Job Dispersion and Compensating Wage Differentials
AbstractThe empirical literature on compensating wage differentials has a mixed history. While there have been some successes, much of this literature finds weak support for the theory of equalizing differences. We argue that it is dispersion in total job values or "job dispersion" that leads to biased compensating wage differential estimates. We begin by demonstrating how job dispersion can lead to biased hedonic estimates. Then we take a partial equilibrium on-the-job search model with utility from non-wage job characteristics, structurally estimate it and then simulate a dataset. Using our simulated dataset, we conduct a detailed analysis of the sources of bias in hedonic wage estimates. While worker heterogeneity and job dynamics are important sources of job dispersion, a significant proportion of the variation in jobs can only be explained by the inherent randomness of job offers.
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Bibliographic InfoPaper provided by U.S. Bureau of Labor Statistics in its series Working Papers with number 469.
Length: 40 pages
Date of creation: Oct 2013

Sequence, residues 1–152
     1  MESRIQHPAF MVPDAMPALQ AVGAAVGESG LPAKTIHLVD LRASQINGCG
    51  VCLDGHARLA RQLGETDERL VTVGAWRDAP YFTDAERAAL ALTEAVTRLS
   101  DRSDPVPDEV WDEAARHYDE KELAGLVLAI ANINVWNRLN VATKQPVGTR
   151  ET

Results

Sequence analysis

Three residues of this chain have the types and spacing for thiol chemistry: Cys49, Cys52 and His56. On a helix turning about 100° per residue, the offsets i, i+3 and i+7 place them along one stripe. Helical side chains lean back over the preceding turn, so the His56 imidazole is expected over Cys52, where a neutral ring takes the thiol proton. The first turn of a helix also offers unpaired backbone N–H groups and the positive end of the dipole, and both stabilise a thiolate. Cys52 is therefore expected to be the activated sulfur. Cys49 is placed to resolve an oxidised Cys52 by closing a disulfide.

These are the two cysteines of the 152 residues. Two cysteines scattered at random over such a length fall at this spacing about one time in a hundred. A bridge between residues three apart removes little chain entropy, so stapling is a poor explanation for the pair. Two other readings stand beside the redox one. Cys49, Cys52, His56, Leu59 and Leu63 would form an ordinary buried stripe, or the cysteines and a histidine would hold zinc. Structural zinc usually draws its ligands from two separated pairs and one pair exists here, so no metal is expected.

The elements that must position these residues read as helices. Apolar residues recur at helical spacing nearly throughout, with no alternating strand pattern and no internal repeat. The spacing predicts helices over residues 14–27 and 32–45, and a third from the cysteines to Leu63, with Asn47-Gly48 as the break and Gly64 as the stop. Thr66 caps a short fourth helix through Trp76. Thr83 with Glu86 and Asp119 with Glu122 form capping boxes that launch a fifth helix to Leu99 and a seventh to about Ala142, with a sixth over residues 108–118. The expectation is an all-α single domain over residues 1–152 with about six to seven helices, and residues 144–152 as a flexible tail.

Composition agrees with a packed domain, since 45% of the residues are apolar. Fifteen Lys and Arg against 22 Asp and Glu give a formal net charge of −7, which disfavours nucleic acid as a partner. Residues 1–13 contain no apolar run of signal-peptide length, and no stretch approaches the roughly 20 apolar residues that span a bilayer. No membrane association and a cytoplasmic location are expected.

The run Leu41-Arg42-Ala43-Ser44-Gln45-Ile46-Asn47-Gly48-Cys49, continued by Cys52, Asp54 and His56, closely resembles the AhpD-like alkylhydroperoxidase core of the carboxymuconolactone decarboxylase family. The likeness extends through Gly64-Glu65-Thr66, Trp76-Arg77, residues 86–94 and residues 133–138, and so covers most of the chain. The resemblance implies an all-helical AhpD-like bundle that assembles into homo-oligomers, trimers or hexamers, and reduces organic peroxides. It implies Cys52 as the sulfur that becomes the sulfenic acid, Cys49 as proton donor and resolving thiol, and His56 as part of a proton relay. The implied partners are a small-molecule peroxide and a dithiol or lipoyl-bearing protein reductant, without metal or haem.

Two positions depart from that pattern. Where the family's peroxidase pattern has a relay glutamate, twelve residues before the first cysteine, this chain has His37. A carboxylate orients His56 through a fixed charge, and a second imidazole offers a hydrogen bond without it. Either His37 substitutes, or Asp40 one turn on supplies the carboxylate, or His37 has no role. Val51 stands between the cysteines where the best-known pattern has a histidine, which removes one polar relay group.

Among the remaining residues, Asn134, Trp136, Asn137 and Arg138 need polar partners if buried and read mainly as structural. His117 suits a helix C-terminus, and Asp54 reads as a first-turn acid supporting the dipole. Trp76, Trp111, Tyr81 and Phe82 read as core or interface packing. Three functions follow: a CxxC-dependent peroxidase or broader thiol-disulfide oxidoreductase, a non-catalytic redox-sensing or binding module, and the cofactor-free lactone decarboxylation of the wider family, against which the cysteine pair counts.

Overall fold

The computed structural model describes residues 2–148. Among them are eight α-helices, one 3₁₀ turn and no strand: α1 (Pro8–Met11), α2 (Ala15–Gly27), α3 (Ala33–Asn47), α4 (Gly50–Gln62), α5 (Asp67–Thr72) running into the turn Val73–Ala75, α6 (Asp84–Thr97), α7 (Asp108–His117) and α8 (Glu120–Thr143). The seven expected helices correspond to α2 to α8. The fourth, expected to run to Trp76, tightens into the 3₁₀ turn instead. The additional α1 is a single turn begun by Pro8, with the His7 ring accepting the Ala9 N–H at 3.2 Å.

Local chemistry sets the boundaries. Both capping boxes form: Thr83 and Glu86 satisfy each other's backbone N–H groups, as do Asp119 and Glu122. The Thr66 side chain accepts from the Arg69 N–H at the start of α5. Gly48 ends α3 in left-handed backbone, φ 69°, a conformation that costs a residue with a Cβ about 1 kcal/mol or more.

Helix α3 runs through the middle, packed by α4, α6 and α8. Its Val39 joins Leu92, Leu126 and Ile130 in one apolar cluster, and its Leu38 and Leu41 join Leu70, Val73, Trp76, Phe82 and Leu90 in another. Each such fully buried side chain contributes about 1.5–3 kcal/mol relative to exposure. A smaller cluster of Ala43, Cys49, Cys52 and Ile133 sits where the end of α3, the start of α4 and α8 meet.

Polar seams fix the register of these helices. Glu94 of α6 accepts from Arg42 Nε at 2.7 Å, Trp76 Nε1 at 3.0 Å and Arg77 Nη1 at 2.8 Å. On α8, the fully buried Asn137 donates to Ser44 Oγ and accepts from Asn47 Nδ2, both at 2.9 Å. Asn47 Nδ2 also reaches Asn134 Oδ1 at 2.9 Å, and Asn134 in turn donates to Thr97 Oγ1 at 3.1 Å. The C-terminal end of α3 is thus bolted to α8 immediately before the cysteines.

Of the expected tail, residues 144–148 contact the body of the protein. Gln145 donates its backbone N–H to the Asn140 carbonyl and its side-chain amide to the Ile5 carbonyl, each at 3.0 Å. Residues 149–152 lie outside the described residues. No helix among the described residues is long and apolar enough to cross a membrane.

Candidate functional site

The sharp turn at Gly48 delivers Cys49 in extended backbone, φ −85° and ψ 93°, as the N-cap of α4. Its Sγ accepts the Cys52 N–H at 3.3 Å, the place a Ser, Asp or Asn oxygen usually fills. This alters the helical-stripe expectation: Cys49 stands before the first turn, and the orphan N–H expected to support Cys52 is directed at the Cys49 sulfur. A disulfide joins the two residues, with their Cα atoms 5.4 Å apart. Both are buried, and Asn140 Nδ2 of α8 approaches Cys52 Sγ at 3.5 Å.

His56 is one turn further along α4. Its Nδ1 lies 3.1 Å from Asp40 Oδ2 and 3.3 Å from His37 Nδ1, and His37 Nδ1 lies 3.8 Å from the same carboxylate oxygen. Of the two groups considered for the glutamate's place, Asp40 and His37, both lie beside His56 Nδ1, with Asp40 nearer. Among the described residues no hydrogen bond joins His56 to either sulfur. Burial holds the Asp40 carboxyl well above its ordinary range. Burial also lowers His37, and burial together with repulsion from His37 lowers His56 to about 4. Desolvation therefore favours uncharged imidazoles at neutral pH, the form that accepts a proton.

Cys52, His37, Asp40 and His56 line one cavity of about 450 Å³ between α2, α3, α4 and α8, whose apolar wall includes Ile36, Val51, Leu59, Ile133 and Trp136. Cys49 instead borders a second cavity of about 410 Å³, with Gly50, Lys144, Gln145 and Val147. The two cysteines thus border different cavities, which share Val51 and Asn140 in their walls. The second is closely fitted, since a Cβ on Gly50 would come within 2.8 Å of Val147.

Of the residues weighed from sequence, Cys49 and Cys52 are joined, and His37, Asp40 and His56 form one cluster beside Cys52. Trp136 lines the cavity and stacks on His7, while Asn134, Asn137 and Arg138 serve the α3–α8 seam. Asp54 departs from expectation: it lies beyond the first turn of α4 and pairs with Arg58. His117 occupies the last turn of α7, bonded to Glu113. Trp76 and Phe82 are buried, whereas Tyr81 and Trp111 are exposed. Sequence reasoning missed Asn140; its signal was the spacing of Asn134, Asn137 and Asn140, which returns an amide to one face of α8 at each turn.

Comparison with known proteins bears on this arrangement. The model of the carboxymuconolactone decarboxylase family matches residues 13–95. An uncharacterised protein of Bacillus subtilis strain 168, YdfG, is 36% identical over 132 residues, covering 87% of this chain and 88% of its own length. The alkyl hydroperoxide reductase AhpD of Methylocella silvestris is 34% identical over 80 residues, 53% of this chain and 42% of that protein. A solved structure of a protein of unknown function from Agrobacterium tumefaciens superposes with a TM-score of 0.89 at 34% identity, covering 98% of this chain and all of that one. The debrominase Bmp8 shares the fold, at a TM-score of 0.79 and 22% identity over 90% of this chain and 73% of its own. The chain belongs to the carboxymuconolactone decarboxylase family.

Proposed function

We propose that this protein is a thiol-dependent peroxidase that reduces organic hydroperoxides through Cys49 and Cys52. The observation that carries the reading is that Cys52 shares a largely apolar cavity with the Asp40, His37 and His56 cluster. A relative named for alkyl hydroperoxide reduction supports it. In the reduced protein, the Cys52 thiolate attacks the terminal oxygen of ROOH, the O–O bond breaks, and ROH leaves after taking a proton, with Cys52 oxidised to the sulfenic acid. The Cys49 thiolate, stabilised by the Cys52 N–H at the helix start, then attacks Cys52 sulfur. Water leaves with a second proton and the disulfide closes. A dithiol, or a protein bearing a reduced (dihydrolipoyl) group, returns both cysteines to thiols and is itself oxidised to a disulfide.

Date of revision:
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More information through EDIRC
compensating wage differential; theory of equalizing differences; revealed preference; on-the-job search;
Find related papers by JEL classification:
- J3 - Labor and Demographic Economics - - Wages, Compensation, and Labor Costs
- J42 - Labor and Demographic Economics - - Particular Labor Markets - - - Monopsony; Segmented Labor Markets
- J64 - Labor and Demographic Economics - - Mobility, Unemployment, Vacancies, and Immigrant Workers - - - Unemployment: Models, Duration, Incidence, and Job Search
This paper has been announced in the following NEP Reports:
- NEP-ALL-2013-11-14 (All new papers)
- NEP-LAB-2013-11-14 (Labour Economics)
- NEP-LMA-2013-11-14 (Labor Markets - Supply, Demand, & Wages)
- NEP-UPT-2013-11-14 (Utility Models & Prospect Theory)
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